I changed my mind. I am irrepressible. Earlier, we discussed the eligibility criteria for membership of boards or committees of boards. Section 19 states:
(1) The Board may—
(a) establish committees to provide assistance and advice to the Board in relation to the performance of its functions, and
(b) determine the membership and terms of reference of each committee.
(2) The Board may appoint persons to a committee who are not members of the Board but have special knowledge and experience related to the purpose of the committee.
That could mean anything because the board could set up as many committees as it likes. However, members of local authorities are also precluded from membership of such committees. That is carrying the matter too far. Under the provisions we discussed earlier, a member of a local authority is precluded from membership of a specialist committee established, for example, to deal with concerns over planning in an area, where such specialists may be required. If the Minister of State wants an additional argument to use with the Minister, Deputy Harney, he should examine the section for establishing such specialised committees. The idea that a member of a local authority would be precluded from membership, when they might have particular expertise, is carrying it too far.
Under section 26, HIQA is required to recruit its employees in accordance with the Public Service Management (Recruitment and Appointments) Act 2004. This amendment allows a transitional arrangement lasting three months, or a lesser time specified by the Minister, where the provisions of the Public Service Management (Recruitment and Appointments) Act 2004 do not apply. Senators will appreciate that HIQA will need to recruit personnel immediately it is established. Under this amendment it will be in a position to do so pending its obtaining a recruitment licence under the Public Service Management (Recruitment and Appointments) Act 2004. In addition, the interim HIQA has already begun the recruitment process for certain staff with a view to having as much preparatory work carried out as possible ahead of HIQA's establishment. The amendment will allow HIQA to appoint such staff if the recruitment process has not been completed by the interim HIQA before the establishment of HIQA itself.
Section 40 provides for the establishment of the office of the chief inspector of social services as a statutory office within the authority and for the holder of that office, the chief inspector of social services, to be an employee of the authority. Specifically, the section provides that the chief inspector shall be appointed by the authority in accordance with the provisions of section 26 which deals with employees of the authority. The authority will determine his or her remuneration, terms, conditions and period of office with the approval of the Minister, given the consent of the Minister for Finance. It is further provided that the authority may dismiss the chief inspector on specified grounds.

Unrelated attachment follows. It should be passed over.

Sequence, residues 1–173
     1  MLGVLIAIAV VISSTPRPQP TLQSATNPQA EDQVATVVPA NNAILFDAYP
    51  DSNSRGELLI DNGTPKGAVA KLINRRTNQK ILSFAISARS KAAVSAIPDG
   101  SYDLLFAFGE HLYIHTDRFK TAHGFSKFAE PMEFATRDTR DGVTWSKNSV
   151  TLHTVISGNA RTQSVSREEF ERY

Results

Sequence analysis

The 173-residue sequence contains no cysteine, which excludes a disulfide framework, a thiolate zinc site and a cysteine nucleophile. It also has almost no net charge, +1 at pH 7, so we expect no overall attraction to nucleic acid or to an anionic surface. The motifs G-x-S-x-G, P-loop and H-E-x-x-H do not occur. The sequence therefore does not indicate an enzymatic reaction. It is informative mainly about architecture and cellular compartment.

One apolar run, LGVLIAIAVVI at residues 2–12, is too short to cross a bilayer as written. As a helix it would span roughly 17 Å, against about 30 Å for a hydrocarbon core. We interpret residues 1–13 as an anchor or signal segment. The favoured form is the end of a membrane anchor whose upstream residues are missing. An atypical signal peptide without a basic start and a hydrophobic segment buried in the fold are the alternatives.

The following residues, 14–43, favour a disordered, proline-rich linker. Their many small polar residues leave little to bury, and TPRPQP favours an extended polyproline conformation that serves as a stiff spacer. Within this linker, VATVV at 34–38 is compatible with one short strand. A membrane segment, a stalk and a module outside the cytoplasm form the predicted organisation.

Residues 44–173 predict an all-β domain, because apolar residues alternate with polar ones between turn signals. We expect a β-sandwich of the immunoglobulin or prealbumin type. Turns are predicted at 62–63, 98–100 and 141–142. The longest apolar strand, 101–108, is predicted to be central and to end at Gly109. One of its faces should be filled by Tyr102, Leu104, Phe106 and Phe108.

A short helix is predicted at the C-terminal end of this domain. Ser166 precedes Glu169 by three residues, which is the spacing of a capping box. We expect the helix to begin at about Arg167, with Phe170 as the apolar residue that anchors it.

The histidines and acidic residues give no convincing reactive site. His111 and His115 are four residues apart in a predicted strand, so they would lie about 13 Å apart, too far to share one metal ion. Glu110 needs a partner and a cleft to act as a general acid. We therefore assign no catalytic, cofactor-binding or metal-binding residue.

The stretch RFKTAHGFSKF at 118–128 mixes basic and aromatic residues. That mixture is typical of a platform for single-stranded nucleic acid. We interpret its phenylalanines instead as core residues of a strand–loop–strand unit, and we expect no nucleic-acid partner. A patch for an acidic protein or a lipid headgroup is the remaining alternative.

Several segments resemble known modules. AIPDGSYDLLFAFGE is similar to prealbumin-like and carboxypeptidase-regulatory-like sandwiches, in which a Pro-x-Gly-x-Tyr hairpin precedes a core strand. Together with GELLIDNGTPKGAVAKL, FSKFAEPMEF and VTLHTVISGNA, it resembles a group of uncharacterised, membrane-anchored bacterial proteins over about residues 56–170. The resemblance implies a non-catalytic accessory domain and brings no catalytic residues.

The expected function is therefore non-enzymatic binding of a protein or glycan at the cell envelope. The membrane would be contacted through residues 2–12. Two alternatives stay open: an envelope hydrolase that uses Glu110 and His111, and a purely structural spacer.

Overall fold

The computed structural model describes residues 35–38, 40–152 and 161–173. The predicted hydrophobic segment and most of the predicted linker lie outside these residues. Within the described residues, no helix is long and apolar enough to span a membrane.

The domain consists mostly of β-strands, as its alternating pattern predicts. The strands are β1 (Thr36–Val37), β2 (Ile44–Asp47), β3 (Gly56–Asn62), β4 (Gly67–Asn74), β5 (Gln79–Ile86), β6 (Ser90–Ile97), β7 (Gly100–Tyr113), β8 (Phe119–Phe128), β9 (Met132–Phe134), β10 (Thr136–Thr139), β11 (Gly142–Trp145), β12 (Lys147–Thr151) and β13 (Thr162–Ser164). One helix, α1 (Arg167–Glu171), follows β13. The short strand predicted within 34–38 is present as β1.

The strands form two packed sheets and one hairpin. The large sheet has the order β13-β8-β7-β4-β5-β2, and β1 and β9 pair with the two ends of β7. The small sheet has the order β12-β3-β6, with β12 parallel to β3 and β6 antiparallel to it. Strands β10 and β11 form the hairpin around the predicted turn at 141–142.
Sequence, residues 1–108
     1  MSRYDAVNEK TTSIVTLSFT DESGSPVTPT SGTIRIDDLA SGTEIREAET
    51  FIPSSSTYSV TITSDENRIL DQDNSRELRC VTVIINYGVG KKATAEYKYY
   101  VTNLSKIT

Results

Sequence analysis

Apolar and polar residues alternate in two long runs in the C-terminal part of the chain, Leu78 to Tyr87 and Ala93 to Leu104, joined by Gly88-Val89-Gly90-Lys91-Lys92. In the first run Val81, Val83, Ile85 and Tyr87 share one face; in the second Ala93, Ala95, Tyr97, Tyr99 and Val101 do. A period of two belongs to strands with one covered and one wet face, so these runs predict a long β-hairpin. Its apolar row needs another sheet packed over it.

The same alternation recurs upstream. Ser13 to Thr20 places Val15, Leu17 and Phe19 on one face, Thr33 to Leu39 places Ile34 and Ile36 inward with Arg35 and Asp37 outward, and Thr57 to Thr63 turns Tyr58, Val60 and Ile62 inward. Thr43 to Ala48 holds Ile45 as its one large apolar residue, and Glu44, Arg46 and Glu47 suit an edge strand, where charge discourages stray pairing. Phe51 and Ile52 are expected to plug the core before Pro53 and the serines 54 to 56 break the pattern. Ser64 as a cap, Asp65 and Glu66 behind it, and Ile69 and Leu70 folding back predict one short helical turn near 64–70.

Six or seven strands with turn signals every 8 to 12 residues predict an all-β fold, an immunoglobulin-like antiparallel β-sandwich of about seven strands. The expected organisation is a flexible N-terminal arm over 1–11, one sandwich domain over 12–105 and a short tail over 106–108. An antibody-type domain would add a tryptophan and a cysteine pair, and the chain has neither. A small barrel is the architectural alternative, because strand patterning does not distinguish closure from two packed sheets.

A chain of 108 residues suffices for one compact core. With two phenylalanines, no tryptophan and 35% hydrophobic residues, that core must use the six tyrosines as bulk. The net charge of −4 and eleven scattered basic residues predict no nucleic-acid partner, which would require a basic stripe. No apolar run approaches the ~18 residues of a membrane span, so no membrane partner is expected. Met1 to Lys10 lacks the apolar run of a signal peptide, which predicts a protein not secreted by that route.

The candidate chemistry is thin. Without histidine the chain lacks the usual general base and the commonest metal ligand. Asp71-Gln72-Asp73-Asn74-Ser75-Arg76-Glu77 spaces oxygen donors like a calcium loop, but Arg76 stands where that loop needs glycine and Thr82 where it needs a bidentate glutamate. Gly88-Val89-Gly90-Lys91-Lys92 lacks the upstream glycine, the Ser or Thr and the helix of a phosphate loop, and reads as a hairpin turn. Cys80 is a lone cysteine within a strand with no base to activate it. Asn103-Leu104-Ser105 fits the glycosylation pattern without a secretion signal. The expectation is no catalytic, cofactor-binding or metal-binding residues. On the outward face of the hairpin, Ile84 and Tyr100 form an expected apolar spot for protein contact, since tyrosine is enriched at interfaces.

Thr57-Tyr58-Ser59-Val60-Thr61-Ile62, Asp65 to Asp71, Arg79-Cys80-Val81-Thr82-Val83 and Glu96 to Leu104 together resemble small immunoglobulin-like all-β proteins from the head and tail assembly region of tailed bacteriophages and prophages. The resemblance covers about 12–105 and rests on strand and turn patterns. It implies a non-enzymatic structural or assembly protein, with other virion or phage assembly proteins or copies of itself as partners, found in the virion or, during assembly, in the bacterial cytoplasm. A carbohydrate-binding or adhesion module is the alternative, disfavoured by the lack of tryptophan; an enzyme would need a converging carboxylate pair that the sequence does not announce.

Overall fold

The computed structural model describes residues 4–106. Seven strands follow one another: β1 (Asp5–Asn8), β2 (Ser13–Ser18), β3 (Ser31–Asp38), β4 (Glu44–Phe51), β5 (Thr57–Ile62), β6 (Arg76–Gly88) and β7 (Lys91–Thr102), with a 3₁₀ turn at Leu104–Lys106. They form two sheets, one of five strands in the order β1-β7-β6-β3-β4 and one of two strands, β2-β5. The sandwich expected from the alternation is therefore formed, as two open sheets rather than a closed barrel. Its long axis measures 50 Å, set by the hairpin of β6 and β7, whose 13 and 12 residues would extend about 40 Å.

The proposed amendment would make the Minister responsible for appointing chief inspectors, other than the first chief inspector. The Minister believes this to be inappropriate given that the chief inspector will be an employee of the Health Information and Quality Authority, HIQA, albeit an employee with specific statutory functions. For this reason the Minister decided not to accept the amendment.
In addition to statutory responsibilities for inspecting and registering residential centres the chief inspector of social services is given statutory responsibility for other matters under the Bill. These include overseeing the performance of the Health Service Executive, HSE, of its functions under sections 39, 41 and 53 of the Child Care Act 1991 in respect of fostering and preschool services and section 10 of the Health (Nursing Homes) Act 1990 in respect of the boarding of elderly people.
In keeping with these responsibilities it is proposed to clarify the legislation so that the chief inspector will oversee the performance of the executive's functions under sections 40 and 42 of the Child Care Act 1991. These sections both relate to the functions of the Health Service Executive in respect of children in its care.
Section 40 refers to the Health Service Executive's function in the placing of children in residential care, securing their welfare and the form of contract to be entered into by the executive with persons providing residential care. The section also refers to the supervision and visiting by the executive of children in residential care.